Soviet first-strike ability doubted

Moscow's nuclear arsenal is not nearly accurate or reliable enough to destroy American silos in a first strike, US intellgence sources said. Contradicting the Reagan administration's case for building MX missiles, the sources told Reuters news agency that US monitoring of Soviet missile tests showed that the missiles would not be able to wipe out the existing United States Minuteman force in the foreseeable future.

A source who has access to and has evaluated the top-secret test data said Soviet missile accuracy wasn't even within the ballpark of being able to launch a first strike. The data on all tests since 1978 of SS-18 and SS-19 missiles, the most advanced Soviet ICBMs, had been gathered by US satellites and ground stations, he said, adding that some of the Russian rockets were fired from a site in the Soviet Union north of Iran to Kamchatka, Siberia. Although the precise Soviet targets were not known, the source said, intelligence monitoring of missile radio-guidance systems showed the Soviet missiles wobbled excessively and were too inaccurate to hit close enough to US silos to destroy the Minuteman missiles.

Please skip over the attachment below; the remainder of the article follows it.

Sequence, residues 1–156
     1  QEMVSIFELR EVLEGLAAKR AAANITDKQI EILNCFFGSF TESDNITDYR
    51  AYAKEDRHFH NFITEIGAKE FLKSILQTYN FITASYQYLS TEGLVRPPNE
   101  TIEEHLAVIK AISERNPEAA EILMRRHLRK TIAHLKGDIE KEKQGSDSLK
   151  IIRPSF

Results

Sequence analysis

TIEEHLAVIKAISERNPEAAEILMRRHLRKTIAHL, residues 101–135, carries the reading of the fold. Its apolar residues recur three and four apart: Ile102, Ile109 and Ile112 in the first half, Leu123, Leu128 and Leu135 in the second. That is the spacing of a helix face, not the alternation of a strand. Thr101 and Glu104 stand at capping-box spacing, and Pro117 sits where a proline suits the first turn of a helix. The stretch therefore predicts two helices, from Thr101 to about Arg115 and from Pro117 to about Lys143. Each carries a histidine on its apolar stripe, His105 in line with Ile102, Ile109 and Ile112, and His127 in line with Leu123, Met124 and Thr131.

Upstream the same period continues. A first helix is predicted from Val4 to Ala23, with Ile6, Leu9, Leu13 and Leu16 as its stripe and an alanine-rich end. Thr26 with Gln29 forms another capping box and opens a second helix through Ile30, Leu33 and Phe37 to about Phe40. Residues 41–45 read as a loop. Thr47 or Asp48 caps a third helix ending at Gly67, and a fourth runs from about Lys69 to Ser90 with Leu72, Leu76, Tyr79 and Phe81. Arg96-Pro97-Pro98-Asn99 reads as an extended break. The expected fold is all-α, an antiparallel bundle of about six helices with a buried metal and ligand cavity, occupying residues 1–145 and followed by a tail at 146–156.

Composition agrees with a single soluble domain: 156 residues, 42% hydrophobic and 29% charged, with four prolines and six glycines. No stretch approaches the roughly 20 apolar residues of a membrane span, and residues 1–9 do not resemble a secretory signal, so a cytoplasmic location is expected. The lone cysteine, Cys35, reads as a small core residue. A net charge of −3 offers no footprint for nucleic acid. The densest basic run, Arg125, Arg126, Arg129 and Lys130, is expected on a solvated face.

One of the top private weapons experts, Kosta Tsipis of the Massachusetts Institute of Technology, told Reuters he is about to issue a study that also concludes the Pentagon has greatly exaggerated Soviet missile accuracy. President Reagan has warned repeatedly of a ''window of vulnerability'' that would allow the Kremlin to launch a first strike and destroy US ICBMs in their silos.

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